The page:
“A free and unhindered press is the only way we can have a functioning democracy…but there is still work to be done” – IĠM on World Press Freedom Day 2020

Today is World Press Freedom Day and the Institute of Maltese Journalists (IĠM) is joining international press associations and civil society groups in reminding the public of how essential the free press is to the maintaining the freedoms we all take for granted.

Last year, IĠM stated that “a free and unhindered press is the only way we can have a functioning democracy,” – a principle that we abide it as it is the only way we can make informed decisions about the society we would like to live in. However, the is still work to be done.

During the current pandemic, many applauded the frontliners, amongst which journalists, from their balconies. A noble gesture. However, Maltese journalists are being harassed on a daily basis. While skimming through comments posted on social media as a reaction to the daily medical bulletin by the health authorities, or beneath news articles or opinion pieces related to the latest migration saga, one may easily notice vile threats and bullying! This is not and will never be tolerable. We can never accept any type of blatant hatred towards people who work tirelessly to provide the public with factually correct information, having to compete with a wave of misinformation that litters most social media platforms. We call on the authorities, including politicians, to understand and most importantly pronounce themselves against any type of anti-media rhethoric. Citizens can only form informed opinions if they have clear answers to pertinent questions, and information based on factual truth.

We refer to Friday’s remarks by Prime Minister Robert Abela during a press conference, where he stated that he would “appreciate” if journalists would only ask on the subject of the press conference and not delve into issues related to the migration crisis that Malta is currently facing. Prime Minister, this is not on. While you might have uttered all information that could be communicated at the time on such a subject, journalists’ questions can never be restricted to a particular subject that the authority deems fit. This, on the contrary, simply fuels more hatred towards what constitutes the fourth pillar in a democracy.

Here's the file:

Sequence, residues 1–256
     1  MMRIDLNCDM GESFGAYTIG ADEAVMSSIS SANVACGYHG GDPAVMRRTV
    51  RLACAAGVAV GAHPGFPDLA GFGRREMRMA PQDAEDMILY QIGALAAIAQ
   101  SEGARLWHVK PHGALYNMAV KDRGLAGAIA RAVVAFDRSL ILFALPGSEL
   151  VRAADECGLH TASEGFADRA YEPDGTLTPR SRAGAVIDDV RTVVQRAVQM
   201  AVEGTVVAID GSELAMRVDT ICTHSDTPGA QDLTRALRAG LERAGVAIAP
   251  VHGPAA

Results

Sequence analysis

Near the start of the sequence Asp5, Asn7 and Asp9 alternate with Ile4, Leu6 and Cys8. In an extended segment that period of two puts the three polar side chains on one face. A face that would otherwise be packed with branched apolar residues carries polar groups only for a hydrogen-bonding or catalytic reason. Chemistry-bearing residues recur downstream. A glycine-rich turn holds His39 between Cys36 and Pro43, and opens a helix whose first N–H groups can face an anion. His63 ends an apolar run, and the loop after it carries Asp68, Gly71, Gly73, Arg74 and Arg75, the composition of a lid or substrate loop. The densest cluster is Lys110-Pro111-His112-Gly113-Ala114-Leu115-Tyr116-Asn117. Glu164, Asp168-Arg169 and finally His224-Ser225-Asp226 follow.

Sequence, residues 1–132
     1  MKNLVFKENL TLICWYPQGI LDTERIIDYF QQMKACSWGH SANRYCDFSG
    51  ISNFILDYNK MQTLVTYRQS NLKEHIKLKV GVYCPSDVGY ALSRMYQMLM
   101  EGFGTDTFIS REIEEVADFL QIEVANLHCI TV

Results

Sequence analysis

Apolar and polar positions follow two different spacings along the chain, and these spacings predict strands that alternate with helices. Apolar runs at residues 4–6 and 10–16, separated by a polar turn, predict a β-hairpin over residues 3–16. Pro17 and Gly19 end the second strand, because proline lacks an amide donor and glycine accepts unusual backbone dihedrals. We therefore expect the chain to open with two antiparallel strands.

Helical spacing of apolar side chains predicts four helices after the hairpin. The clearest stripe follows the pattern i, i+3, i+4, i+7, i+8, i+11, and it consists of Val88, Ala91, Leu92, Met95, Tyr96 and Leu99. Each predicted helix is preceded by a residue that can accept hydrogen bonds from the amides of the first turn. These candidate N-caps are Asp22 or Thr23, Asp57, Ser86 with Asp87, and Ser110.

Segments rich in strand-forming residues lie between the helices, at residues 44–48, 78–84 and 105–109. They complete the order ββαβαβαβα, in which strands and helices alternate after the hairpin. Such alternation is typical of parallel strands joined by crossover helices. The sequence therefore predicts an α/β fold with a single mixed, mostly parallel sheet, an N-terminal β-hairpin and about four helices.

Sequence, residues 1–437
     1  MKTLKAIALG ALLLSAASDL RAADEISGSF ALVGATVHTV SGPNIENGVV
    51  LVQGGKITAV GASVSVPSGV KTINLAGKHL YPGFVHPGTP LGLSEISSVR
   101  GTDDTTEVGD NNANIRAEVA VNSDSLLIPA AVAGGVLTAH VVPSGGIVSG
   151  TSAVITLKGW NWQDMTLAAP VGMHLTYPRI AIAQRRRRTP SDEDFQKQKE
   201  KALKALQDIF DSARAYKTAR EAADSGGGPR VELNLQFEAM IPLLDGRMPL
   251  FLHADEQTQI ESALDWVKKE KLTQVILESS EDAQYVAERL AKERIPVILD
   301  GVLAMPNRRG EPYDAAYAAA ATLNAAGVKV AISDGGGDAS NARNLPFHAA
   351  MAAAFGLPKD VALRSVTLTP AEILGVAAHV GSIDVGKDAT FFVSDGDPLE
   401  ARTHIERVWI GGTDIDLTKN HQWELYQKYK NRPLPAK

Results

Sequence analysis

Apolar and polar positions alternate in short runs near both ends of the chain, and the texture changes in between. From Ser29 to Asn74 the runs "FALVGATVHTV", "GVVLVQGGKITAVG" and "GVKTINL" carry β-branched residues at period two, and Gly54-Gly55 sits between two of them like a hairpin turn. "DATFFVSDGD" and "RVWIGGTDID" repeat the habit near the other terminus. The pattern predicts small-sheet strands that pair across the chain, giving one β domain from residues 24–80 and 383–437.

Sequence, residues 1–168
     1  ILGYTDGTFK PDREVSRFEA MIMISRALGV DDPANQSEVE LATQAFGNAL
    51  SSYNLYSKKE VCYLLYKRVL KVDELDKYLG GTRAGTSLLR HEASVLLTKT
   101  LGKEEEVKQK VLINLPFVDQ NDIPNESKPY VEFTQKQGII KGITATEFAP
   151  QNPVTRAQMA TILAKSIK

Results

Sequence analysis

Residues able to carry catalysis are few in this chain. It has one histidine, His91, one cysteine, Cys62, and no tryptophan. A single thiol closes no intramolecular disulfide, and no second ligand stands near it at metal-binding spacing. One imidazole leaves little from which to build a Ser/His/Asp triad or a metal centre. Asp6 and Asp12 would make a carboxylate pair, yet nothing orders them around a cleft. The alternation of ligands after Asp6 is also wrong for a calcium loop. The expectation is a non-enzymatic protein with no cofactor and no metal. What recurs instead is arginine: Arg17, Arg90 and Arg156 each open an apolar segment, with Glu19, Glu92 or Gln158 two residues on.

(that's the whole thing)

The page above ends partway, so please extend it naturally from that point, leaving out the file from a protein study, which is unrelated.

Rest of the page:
IĠM notes the Opposition leader’s initiative to start having televised weekly interviews with questions being fielded by journalists from the independent media. This is a step in the right direction towards more transparancy. IĠM not only invites the Prime Minister to follow suit, but proposes that a weekly Press Conference is organised for the sole purpose to let journalists representing all media houses to field questions. This can contribute much better towards press freedom in Malta, rather than being cusioned while transmitting messages as done by the two political leaders during the past months.

COVID-19 has brought a lot of restrictions, not only on the general public, but also on journalistic practice. Thankfully, technological advancements made it possible to virturally report and also ask questions. Yet, journalists are eager to get back to the traditional formats of press conferences, having the chance to ask follow up questions and interview the relevant persons.

IĠM regrets that Malta kept stooping lower in the World Press Freedom Index issued by Reporters Without Borders. Malta is now 31 places lower than it was in 2016. We reiterate that “no society can be truly, free and democratic, if it is not well-informed, and in this respect, this latest drop is worrying as much as it is disappointing.” IĠM agrees that weaknesses in the rule of law ultimately hinders journalism and that much more needs to be done to allow journalists access to important information. The Council of Europe’s platform for media freedom and safety of journalists’ annual report issued this week, labelling Malta as a “country of exceptional concern,” is even more worrying.

As we have seen from the public inquiry into Daphne Caruana Galizia’s murder, the failure of authorities  to act on reports of corruption – in addition to allowing bad actors to act with impunity – leaves journalists alone and at risk.

On this day, IĠM remembers Daphne Caruana Galizia, who was killed over a two years and a half ago, by someone who wanted to deprive the public of information. While during the past months we have witnessed significant developments, we are still waiting for justice to be served.